We walked into the funeral home. A faint smell of cut flowers hung in the air. My heart was pounding. I couldn't really feel my feet as I walked down the carpeted corridor to a glossy, wooden door with a plague that read 'Business Office.'
We were led by a young, round woman, whose red beaded necklace jingled as she walked, to the end of a back hallway. She asked us to wait there and she'd "pulled him out." Courtney and I exchanged a nervous glance as the woman disappeared behind a door.
My body was in a heightened state of awareness but my mind had gone into numb survival mode. I felt like I'd accepted a dare and passed the point of no return, only now I questioned whether I wanted to -- could -- follow through. Too late. The door opened again and the woman ushered us in.
Carl lay on a gurney in the center of the small room. He was dressed in a suit but covered from the chest down by a blue blanket that hung halfway to the floor. I could tell that beneath the blanket his hands lay folded on his stomach, and his shoes lay flat so that his heels faced each other, toes pointing at the walls to the left and right. The floral scent of the hallway was gone, replaced by what smelled like my fifth grade science classroom, the week we dissected fetal pigs. Only stronger.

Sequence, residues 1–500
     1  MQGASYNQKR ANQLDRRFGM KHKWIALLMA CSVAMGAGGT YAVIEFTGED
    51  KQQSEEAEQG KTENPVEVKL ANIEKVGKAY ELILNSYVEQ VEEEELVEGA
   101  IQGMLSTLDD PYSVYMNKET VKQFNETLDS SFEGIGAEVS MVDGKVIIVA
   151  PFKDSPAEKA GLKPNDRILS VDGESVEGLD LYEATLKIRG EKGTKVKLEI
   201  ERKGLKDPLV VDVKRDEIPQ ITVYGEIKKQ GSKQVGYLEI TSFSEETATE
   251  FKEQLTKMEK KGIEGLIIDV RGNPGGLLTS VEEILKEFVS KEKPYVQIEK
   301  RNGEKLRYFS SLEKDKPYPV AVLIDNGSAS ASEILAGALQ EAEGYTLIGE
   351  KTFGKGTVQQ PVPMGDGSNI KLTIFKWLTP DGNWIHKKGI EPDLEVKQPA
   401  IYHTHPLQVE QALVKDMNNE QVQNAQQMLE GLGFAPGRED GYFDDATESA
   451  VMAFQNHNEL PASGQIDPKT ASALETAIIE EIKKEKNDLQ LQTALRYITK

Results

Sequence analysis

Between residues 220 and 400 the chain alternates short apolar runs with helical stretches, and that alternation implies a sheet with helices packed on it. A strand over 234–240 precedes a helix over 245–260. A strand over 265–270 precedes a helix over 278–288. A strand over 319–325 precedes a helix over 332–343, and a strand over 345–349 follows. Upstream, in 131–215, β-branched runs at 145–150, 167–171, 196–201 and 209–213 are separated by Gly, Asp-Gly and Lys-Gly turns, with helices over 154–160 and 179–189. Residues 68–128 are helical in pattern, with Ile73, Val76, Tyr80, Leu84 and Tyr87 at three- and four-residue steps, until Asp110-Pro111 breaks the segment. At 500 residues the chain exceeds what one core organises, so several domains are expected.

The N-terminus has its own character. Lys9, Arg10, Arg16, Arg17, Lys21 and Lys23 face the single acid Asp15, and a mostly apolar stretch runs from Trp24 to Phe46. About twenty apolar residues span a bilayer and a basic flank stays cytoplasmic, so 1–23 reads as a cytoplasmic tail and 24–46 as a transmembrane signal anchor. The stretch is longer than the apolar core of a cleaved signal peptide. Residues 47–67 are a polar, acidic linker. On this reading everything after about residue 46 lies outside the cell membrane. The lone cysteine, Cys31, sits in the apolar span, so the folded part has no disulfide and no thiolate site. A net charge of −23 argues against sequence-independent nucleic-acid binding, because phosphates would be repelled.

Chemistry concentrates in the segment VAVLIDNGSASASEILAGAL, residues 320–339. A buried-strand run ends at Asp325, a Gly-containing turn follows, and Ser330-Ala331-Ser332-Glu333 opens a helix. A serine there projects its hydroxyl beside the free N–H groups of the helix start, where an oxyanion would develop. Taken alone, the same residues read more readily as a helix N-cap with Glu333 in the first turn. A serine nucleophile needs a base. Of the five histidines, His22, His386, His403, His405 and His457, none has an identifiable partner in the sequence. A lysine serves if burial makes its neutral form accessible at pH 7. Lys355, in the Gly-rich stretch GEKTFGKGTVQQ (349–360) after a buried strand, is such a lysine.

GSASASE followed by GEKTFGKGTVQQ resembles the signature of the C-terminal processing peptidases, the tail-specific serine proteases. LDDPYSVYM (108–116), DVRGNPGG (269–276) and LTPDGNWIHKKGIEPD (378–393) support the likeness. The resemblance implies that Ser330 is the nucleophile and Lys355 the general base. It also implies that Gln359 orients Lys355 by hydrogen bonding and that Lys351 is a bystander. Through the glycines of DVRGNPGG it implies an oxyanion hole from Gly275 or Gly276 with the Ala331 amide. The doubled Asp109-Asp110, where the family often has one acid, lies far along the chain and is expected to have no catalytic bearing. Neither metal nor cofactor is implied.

Courtney told the woman she'd brought a drape from the salon. The woman thought it wasn't necessary, that normally they simply placed towels under and around the head to catch the hair clippings. From a wall of cabinets to the right, the woman retrieved two white, bath-sized towels. She plopped the short stack on Carl's chest. Carefully, she slipped a hand under Carl's head and lifted, pulling the neck stand away. His neck was surprisingly pliant. With her free hand, she snapped open a towel and maneuvered it to cover the end of the gurney. It started to slip, and Courtney grabbed the towel and held it until the woman had the neck stand back in place.
She tucked the edges of the bottom towel under Carl's shoulders, then draped the second towel across his chest. She pulled the center edge up under his chin and flattened the rest down the backs of his shoulders. When she was satisfied, she asked Courtney if she needed anything, then left us alone.